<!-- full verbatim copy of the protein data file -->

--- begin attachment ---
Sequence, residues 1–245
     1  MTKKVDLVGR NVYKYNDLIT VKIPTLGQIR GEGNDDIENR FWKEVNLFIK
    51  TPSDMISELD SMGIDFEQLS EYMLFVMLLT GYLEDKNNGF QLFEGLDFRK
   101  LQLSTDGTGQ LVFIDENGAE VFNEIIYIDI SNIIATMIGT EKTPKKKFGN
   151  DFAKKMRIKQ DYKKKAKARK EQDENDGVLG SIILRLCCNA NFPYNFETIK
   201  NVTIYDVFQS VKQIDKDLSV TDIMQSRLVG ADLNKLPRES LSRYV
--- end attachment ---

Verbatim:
Sequence, residues 1–245
     1  MTKKVDLVGR NVYKYNDLIT VKIPTLGQIR GEGNDDIENR FWKEVNLFIK
    51  TPSDMISELD SMGIDFEQLS EYMLFVMLLT GYLEDKNNGF QLFEGLDFRK
   101  LQLSTDGTGQ LVFIDENGAE VFNEIIYIDI SNIIATMIGT EKTPKKKFGN
   151  DFAKKMRIKQ DYKKKAKARK EQDENDGVLG SIILRLCCNA NFPYNFETIK
   201  NVTIYDVFQS VKQIDKDLSV TDIMQSRLVG ADLNKLPRES LSRYV